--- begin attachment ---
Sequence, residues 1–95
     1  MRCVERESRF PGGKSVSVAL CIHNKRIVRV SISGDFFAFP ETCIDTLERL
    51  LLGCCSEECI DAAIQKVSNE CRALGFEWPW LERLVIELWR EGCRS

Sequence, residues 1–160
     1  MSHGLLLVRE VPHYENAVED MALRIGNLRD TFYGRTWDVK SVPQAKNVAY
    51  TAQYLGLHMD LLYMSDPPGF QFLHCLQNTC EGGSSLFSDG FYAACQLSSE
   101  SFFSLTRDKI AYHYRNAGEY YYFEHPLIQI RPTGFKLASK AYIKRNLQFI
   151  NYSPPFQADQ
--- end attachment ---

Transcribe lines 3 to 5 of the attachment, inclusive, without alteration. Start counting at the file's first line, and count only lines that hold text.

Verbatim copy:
    51  LLGCCSEECI DAAIQKVSNE CRALGFEWPW LERLVIELWR EGCRS

Sequence, residues 1–160
     1  MSHGLLLVRE VPHYENAVED MALRIGNLRD TFYGRTWDVK SVPQAKNVAY